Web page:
“Pia and Lynn are one of the leading lights in the golf instruction business,” renowned golf coach David Leadbetter told Golf Digest. “Their contribution to the game overall has been immense. They command enormous world wide respect and in many ways are pioneers, who have paved the way for others in a male-dominated industry.”

As their school became more successful, they wanted people to have access to their teachings without having to travel to Scottsdale. They came up with a book proposal and brought it to an agent in New York City.

“We were two women in the male dominated golfing world and we weren’t teaching traditional, technical teaching,” Nilsson said. “We had the draft, and we spoke with a book agent in Manhattan. He told us he liked our thoughts, but that we should focus on writing a book for women’s golf. Lynn and I were so disappointed. We knew we could do that, but we knew what we were doing worked for everyone, not just women. They wanted to put us in a box.”

Luckily, the agent changed his mind. A few weeks later, he called them back and accepted the book proposal. The book is titled: Every Shot Must Have A Purpose. They’ve now written six books.

Along with their golf school, Nilsson and Marriott have continued working with tour players, both on the LPGA and PGA Tours. Right now, they work consistently with six players and have others they work with less frequently.

“I’ve never liked when people ask, “Who’s in your stable?” We don’t have a stable,” Nilsson said. “We say, We have a harbor. Some come for short tune ups, some come to rebuild more things, some come often, some don’t come as often. Our goal is that they can go out of the harbor and sail anywhere around the world. Our goal in coaching is always not to be needed. But we know sometimes you have to come back to the harbor.”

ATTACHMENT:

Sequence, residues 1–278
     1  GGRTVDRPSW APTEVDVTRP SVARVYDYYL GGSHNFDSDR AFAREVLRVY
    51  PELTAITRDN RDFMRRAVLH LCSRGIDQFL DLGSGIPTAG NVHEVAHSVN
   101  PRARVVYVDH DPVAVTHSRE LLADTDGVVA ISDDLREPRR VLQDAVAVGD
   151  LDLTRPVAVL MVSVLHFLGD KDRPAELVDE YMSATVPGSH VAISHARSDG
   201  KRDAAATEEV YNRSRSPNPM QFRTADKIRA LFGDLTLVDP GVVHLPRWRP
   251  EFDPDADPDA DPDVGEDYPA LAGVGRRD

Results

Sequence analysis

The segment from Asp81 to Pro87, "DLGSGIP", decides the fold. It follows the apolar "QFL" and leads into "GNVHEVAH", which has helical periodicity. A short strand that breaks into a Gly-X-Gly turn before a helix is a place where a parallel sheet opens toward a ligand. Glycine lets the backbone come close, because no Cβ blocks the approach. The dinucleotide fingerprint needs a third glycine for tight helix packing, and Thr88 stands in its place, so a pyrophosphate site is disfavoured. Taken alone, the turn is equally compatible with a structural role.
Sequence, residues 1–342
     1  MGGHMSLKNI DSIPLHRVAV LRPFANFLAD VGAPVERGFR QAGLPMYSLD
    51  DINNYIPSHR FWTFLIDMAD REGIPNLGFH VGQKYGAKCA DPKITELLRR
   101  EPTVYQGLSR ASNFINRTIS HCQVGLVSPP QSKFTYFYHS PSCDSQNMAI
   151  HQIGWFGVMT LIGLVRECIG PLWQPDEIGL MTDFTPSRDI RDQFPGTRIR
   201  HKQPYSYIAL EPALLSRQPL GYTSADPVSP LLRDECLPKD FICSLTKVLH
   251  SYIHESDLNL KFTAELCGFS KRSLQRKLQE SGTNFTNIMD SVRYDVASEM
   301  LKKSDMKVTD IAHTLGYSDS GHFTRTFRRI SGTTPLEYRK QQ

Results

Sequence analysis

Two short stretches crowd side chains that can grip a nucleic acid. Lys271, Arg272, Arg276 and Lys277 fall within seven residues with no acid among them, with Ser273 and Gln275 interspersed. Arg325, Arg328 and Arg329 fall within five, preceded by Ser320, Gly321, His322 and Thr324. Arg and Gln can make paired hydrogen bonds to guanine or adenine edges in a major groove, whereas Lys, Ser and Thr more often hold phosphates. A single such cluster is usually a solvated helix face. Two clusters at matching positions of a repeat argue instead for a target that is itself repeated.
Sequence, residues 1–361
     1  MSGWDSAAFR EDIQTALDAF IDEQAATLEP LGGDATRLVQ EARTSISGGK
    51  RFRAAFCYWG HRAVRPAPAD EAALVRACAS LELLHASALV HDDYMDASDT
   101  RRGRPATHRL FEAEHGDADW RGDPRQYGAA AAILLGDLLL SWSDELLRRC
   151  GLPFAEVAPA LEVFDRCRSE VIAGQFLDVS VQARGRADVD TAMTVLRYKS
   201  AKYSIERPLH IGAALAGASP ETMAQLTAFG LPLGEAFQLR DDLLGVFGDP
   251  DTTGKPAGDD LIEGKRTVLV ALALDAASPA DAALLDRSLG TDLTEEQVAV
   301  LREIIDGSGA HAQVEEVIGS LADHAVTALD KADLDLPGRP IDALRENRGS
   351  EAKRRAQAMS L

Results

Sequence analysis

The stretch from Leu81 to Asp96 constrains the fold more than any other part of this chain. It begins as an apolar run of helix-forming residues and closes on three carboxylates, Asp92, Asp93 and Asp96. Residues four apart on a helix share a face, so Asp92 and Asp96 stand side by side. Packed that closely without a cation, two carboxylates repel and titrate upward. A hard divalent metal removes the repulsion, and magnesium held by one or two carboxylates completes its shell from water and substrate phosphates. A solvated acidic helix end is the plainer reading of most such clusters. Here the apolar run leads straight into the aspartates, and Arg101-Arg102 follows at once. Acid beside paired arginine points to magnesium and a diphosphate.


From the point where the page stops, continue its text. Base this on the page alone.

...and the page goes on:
Michael Owens

Patty Tavatanakit is one of those LPGA major winners who thanked Nilsson and Marriott in her post-win press conference. Tavatanakit won the 2021 Chevron Championship, the 22-year-old’s first LPGA win.

“I’ve hugely enjoyed working with Pia and Lynn and I give them both a ton of credit for how far my game has come,” Tavatanakit told Golf Digest. “They’re an awesome resource, and they have a great balance of being accessible for me, but also holding me accountable for being on top of my process. Their success as female coaches is definitely inspiring but it’s not a surprise. It’s easy to see why their players trust them so much, and why those relationships are so strong.”

Every year, about 300 people come through the Vision54 school in Scottsdale. Due to the COVID-19 pandemic, Nilsson and Marriott have expanded their online schools and programming. Their newest addition is lessons of focused, situational teaching that people can purchase. For example, if you’re someone who struggles with first-tee jitters, there’s a lesson for that which you can purchase, without committing to something more substantial like their eight-week online course.

“Our biggest goal is, we want these skills to be accessible to everyone, so we’re thinking of ways to do that,” Nilsson said.

The two have done a lot in golf, from coaching three No. 1 players in the world, to reimagining golf instruction for amateurs. But what they’re most proud of is that they were brave enough to bet on themselves at a time when people didn’t believe in two women trying to break new ground in the golf instruction world.

“Lynn and I dared to go with our vision, and our gut,” Nilsson said. “The books, the training, the school, it’s going well. We’re proud of players winning tournaments, but the pride in having the guts to go into business, feeling like we’re influencing the perspective of golfers, that’s what we’re super proud of.”